The vow of secrecy includes members of the General Assembly.

Senator Floyd McKissick

The Skinny spoke with Rep. MaryAnn Black and Senator McKissick at a jobs announcement by Biogen in the Park on Tuesday.

While she didn’t seem upset, Rep Black said she had been told nothing about either project even though her district might be affected.

All she knows is that there’s a “secret code word” floating around for “a project” –  but “there could be more” code names and more projects. The state Department of Commerce routinely assigns code names to development projects it’s pursuing.

Senator McKissick, meanwhile, said he reads  and watches the media while on occasion getting some information elsewhere from sources he declined to disclose on the record.

The Skinny asked him about whether all the secrecy ran counter to the public interest, noting lawsuits filed in other Amazon bid processes.

He concurred.

No D.C. connection either

Then there is the case of Congressman David Price, who represents the 4th District that includes parts of RTP and much of Wake County – both likely landing spots for Amazon.

Price in fact helped write part of the original North Carolina proposal in response to Amazon’s request for proposals about what became known as HQ2 last fall.

However, Price said candidly that he’s not “privy” to any of the details about ongoing negotiations.

Yet Price made clear in an exclusive interview with WRAL TechWire that he was positioned in Washington to make sure funds would continue to flow to the Triangle for mass transit and expansion of RDU International Airport and that he believes the Triangle could win.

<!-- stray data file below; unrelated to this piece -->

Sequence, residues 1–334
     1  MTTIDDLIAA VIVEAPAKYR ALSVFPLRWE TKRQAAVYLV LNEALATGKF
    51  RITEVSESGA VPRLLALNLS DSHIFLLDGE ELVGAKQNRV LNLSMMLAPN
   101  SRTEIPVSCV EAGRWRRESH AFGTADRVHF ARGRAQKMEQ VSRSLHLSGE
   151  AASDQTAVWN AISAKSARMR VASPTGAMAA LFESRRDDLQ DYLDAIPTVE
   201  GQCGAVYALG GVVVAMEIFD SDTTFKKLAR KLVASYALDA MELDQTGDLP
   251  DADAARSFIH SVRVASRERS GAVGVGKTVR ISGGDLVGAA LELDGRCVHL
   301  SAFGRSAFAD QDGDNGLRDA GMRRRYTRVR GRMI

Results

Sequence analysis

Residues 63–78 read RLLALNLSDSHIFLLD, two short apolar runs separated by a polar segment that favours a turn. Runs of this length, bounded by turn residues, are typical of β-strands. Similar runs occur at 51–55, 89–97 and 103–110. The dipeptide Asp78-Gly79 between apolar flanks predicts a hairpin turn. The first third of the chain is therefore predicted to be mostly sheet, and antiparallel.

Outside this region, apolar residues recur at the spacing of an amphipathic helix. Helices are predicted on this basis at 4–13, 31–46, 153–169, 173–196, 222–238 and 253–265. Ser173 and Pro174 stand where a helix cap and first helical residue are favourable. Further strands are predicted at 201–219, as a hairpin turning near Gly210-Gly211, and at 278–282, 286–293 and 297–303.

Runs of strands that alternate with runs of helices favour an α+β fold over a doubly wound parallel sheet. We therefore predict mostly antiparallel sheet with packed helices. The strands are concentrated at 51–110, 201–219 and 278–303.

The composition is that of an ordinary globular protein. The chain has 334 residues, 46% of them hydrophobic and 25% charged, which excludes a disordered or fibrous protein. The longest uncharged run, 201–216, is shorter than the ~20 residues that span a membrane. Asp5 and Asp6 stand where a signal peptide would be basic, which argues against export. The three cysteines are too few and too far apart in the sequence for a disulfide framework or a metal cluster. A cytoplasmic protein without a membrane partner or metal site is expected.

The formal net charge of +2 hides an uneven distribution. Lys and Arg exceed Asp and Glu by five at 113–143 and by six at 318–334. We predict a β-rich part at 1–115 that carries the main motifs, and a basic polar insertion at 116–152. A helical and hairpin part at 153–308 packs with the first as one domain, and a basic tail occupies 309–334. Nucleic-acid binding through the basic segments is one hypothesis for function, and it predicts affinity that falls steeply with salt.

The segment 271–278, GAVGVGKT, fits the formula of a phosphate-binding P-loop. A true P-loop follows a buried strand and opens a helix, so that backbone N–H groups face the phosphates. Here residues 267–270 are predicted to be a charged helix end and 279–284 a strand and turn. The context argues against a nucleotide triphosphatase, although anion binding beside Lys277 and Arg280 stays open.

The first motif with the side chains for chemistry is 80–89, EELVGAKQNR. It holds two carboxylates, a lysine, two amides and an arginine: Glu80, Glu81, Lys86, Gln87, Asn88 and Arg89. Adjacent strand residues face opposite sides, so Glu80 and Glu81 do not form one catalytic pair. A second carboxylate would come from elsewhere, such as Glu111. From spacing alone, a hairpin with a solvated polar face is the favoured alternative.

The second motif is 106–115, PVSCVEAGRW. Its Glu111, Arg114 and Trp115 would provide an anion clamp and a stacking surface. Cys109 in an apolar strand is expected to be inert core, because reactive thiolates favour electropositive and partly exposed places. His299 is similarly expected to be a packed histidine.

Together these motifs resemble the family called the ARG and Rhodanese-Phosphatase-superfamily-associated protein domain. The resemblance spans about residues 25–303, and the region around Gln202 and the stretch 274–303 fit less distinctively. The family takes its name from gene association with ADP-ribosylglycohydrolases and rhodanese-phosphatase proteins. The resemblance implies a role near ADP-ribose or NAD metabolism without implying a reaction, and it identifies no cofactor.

Developers, too

The secrecy extends to developers, too. John Kane, the developer of Raleigh’s North Hills and many other projects, said in an interview Tuesday that he, too, is out of the loop. And he crafted one of the plans for how the Triangle could accommodate Amazon’s needs.

Developers of the massive development project in Chatham County did tell the Durham Herald Sun this week that they had been told Amazon officials were briefed on two possible locations in the Triangle.

As to whether Amazon officials have even been to the Triangle, officials in the process treat that news as forbidden.

But Kane wasn’t upset about the cut-off. He said it’s standard procedure for developers to be cut out of the information loop as a recruitment process narrows.

One other fact makes the cut out of Kane even more interesting, though.

Kane is chair of the board for the Research Triangle Regional Partnership, which took the lead in putting together a team of people from state government, the public and private sectors to spearhead the Amazon HQ2 effort.

Standard procedure

Over and over, the response to questions about all the secrecy have led to standard answers:


Standard operating procedure.

Or “that’s the way the economic recruiting game is played.”

But with the chance that the price of an Amazon victory could be in the billions, aren’t the stakes higher than any previous project covered by the SOP?